Lonesome George: the last giant tortoise of Abingdon Isle 

 

Lonesome George is one of most famous reptiles that has ever lived, a giant Galapagos tortoise found in the remote Archipelago in 1971 on the tiny island of Pinta (formerly known as Abingdon Isle after the Earl of Abingdon). Scientists brought George into captivity and as the sole-surviving member of his species he became a living legend, a conservation icon celebrated the world over as the embodiment of extinction.

 

In this exciting talk, zoologist and author Henry Nicholls will transport his audience to the stunning Galapagos Islands, the best-preserved tropical archipelago left on earth, to reveal the grisly fate of George’s fellow tortoises, the surprising lengths that scientists went to to get George to reproduce and the heroic efforts of conservationists to restore populations of giant tortoises throughout the Galapagos. In 2012, Lonesome George died unexpectedly but he remains an inspiration to thousands of people in Galapagos and beyond.

 

Saturday, March 21st @ 2.30pm - The Amey Theatre
Tickets £5 (adult) / £2.50 (child) / free with Festival Pass - buy tickets here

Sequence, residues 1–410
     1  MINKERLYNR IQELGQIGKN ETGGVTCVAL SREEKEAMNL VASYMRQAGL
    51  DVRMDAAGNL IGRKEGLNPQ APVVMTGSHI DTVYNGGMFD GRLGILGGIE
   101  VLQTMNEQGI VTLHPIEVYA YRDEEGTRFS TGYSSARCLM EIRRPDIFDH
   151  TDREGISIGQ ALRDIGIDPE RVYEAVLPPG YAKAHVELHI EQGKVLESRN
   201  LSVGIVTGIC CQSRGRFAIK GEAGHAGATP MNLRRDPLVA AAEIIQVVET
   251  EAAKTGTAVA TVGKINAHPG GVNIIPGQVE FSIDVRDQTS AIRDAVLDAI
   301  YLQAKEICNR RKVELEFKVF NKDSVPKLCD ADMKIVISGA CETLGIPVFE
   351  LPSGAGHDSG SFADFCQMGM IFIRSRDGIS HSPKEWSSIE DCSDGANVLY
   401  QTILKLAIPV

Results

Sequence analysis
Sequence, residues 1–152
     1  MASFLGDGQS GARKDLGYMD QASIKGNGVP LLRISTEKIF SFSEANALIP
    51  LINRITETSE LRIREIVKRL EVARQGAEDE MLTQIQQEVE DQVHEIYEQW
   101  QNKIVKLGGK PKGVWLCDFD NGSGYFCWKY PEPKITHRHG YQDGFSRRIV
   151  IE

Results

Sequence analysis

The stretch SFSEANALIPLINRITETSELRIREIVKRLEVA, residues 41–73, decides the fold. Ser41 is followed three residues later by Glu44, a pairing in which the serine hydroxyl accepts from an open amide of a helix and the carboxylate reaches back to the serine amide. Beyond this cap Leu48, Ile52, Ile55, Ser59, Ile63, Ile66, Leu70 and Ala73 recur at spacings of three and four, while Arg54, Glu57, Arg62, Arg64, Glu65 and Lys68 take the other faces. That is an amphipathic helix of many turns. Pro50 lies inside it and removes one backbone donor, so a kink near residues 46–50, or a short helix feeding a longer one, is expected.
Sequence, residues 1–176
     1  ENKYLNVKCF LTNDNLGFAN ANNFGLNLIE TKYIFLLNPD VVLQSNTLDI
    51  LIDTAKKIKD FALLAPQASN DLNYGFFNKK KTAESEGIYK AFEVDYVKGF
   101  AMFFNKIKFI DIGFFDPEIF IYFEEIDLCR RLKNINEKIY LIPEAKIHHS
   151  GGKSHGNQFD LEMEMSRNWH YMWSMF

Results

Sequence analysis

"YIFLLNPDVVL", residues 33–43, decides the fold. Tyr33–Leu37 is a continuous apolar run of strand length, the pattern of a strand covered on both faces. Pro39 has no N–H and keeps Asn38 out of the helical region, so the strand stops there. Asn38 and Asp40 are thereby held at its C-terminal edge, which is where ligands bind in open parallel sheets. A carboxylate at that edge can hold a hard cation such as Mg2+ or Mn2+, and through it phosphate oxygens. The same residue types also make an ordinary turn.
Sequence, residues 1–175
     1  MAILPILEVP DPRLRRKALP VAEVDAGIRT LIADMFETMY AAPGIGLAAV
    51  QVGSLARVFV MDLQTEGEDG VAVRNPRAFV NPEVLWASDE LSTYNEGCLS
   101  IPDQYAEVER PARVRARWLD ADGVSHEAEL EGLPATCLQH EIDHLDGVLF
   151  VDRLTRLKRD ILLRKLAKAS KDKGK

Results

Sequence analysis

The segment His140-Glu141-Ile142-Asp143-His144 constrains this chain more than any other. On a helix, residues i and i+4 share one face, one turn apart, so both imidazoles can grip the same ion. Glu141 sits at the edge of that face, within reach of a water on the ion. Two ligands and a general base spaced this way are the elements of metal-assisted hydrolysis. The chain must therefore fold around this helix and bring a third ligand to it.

About the speaker

 

Henry Nicholls is a zoologist, journalist, editor, author and science teacher. He has lived in a tent in the Kalahari Desert (where he studied meerkats) and used a motorboat on the Tisza River in Hungary (to commute to sand martin colonies). He has written for many of the world’s leading publications, including the New York Times, New Scientist and Nature, was a member of Guardian’s award-winning science blog network for almost a decade and is the editor of Galapagos Matters. He is the author of four popular science books, an ambassador for the Galapagos Conservation Trust and a trustee of Narcolepsy UK.

 

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